That the New England Patriots are in the AFC Championship is not much of a surprise. That the Jacksonville Jaguars are as well? OK, that's a surprise. But as the NFL season comes down to four remaining teams, the Jaguars are by far the least likely of the bunch to make it this far, with the Eagles and Vikings representing the NFC. Consider that prior to this season, the Jaguars had finished 5th-worst or lower in every season since 2011.
Psst… there’s an AFC Divisional Round game this weekend, and the Patriots are playing in it. You may have forgotten, as basically all the talk around New England has been surrounding the either very real or much exaggerated drama between Patriots owner Robert Kraft, Patriots head coach Bill Belichick, and Patriots quarterback Tom Brady.
The Patriots are in the drivers seat for the top seed in the AFCWell, that depends on who you talk to. The guy at Dunkins in Charlestown will tell you why it was a catch and then stumble through the rule explanation. Outside of New England, though, they're singing a different tune. A whiny tune, but one that doesn't end with "dood" anyways. It's unfortunate that such a competitive and entertaining game is overshadowed by another "catch rule", but really, it doesn't have to be this way.
Muck Rack makes it simple to find people, tweets, or articles that mention any name, keyword, company, hashtag etc. We've compiled this guide to help you make the most of your search.
Selecting a term
Start searching tweets, articles from media outlets, articles mentioned in tweets, journalists'
names, titles and bios with some suggested searches:
Companies or Topics (e.g. iPhone, Microsoft)
Phrases (e.g. "cloud computing") — use quotes to keep the terms together
Twitter handles (e.g. @username) — returns those who have mentioned or replied to
Names (e.g. "David Pogue")
Hashtags (e.g. #sxsw, #london2012)
Bio details (e.g. vegan, Olympics, father)
Muck Rack's Advanced Search allows for many boolean operators.
Find results that mention multiple specified terms, use AND or
+. For example, ensure each result contains both Elon Musk and Mark Zuckerberg by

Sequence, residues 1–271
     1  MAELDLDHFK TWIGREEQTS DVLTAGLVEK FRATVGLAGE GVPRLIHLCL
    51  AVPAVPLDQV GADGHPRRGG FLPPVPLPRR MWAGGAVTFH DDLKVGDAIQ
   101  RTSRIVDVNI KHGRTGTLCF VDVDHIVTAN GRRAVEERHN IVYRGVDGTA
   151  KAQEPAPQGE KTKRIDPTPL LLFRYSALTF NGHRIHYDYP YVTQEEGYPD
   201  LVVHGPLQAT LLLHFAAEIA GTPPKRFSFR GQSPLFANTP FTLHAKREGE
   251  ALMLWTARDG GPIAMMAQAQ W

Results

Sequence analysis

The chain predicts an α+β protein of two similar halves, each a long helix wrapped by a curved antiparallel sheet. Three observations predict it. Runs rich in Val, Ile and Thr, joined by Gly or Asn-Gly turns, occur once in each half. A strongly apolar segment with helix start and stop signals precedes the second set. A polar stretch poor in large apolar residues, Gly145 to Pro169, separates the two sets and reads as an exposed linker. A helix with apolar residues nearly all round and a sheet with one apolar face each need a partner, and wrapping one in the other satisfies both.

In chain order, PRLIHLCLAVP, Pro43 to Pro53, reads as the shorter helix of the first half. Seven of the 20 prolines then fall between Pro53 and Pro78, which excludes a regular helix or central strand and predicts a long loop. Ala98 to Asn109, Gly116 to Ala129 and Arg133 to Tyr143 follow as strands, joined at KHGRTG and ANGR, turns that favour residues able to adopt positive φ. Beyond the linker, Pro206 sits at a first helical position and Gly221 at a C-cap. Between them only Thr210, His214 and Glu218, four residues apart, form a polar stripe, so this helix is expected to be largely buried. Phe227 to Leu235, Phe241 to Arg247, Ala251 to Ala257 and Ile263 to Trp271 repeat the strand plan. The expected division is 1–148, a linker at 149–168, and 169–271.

searching Musk AND Zuckerberg or Musk + Zuckerberg.
Use the operators OR or , to broaden your search when you'd like either of
multiple terms to appear in results. (This is the default behavior of our search when no operators
are used). For example, results will contain either cake or cookie by searching cake OR cookie or cake,cookie
Use NOT or - to subtract results from your search. For
example, searching Disney will yield results about the Walt Disney Company as well as Walt Disney
World Resort. To exclude mentions of Disney World, search for Disney -World or Disney
When using one of these operators with a phrase, enclose it in quotation marks. For example, you can
find results about smartphones excluding Apple's iPhone 4S by searching smartphone -"iPhone
Exact case matching or punctuation
If you're searching for a brand name or keyword that relies on specific punctuation marks or capitalization, you can
find results that match your exact query by adding matchcase: before the keyword you're searching for, like matchcase:E*TRADE .
Use parentheses to separate multiple
boolean phrases. For example, to find journalists talking about having fun in Disney World or
Disneyland, search for ("disney world" OR disneyland) AND fun.
An asterisk can be used to search for any variation of a root word truncated by the asterisk. For example, searching for admin* will return results for administrator, administration, administer, administered, etc.
A near operator is an AND operator where you can control the distance between the words. You can vary the distance the near operation uses by adding a forward slash and number (between 0-99) such as strawberries NEAR/10 "whipped cream", which means the strawberries must exist within 10 words of "whipped cream".